In part 1 of this series, I looked at how NHL skaters age using the delta method with Dawson Sprigings’ WAR model. As mentioned in my previous article, there is still one major problem with the delta method that needs to be addressed: survivorship bias. The “raw” charts presented in part 1 are quite informative, but they’re missing a correction for this bias. Before we can draw conclusions about what this new WAR metric tells us about NHL skater aging, we need to figure out how to correct for survivorship bias.

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Friday Quick Graphs: Marginal Gains for Defenders

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Last Friday we asked how many goals is improving a team’s first line worth versus their fourth line? What about defenders?

The above graph shows the number of goals over a season a team should expect in improving their player’s shot differential talent, here described in percentiles of talent.

The blue line is first pair with 2nd, 3rd, pairs falling next with red and yellow.

The blue line is the steepest, suggesting that moving from a 55th percentile player to 60th percentile player on the top pair will improve a team’s goal differential more so than a second or third pairing player. (This is not to be confused with improving from a 55% Corsi player to a 60% Corsi player)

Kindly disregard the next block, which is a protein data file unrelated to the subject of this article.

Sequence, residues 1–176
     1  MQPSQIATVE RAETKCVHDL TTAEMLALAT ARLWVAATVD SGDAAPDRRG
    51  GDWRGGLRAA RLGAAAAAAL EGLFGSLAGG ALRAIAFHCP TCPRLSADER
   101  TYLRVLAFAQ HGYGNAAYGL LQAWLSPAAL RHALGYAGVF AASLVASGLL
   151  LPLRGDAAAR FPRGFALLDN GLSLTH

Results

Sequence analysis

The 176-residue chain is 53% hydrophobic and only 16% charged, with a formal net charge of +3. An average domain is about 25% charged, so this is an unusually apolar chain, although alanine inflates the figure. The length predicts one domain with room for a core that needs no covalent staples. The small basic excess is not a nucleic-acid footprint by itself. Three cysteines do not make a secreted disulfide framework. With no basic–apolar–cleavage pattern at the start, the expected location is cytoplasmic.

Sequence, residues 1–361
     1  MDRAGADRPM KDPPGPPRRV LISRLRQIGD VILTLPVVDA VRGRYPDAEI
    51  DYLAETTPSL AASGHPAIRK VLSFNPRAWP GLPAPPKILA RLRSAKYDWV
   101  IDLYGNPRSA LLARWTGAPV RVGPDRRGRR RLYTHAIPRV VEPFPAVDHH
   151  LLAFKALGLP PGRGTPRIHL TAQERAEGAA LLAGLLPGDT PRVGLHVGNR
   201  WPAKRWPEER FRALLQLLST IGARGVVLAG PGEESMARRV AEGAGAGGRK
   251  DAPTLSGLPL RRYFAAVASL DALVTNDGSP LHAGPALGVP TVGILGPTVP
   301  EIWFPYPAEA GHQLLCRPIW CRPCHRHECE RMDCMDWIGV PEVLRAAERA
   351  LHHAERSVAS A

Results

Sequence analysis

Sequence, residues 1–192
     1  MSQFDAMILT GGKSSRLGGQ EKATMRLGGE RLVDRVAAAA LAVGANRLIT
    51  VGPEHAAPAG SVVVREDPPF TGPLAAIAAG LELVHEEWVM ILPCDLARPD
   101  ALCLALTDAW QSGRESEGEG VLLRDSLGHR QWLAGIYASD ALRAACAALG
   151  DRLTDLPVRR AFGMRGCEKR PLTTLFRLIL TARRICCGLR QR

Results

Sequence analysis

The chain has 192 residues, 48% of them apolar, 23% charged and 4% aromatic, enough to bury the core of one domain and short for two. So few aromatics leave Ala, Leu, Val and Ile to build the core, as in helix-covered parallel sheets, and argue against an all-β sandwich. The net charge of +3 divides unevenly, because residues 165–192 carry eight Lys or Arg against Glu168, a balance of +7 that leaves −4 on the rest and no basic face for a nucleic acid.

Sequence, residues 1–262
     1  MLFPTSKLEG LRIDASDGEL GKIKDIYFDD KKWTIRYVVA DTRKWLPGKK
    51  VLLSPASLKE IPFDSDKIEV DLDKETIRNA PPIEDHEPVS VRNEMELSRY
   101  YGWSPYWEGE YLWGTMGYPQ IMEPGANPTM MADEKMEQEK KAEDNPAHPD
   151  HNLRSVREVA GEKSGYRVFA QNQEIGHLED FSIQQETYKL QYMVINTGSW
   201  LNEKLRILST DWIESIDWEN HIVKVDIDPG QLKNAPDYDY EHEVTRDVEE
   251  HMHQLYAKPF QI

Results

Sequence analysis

Notice how the difference between the top and middle pair is pretty negligible. Improving from an average (median, 50th percentile) to the absolute best in both top and middle pair defenders is only about half a goal difference in improvement. This effect may be due to the fact that teams often place their second best defender on the second pair, whether that may be due to strategy and design or due to handedness “forcing” the team’s hand.

A reminder that the coefficients we found for forwards were 0.24, 0.12, 0.12, and 0.06. This may seem to suggest improvement should be concentrated for top forward line, followed by the top-four defenders, and then middle-six forwards with the bottom pair. However, our method is agnostic of usage and who drives shot differentials more, forwards or defenders.

Analyzing One-Timers: The Most Dangerous Shot in the Bag

Very little has been written about one-timers because, surprise, the NHL doesn’t track it. However, this is something we’ve been tracking for the last couple of seasons and it is worth a short post to investigate the value in this type of shot. Additionally, it is also worthwhile to dig into whether or not it is a skill to set up a one-timer for a teammate, or if it is strictly a shooter shoot. Lastly, is this type of shot more predictive than ordinary slap shots? Deflections? The standard wrist shot?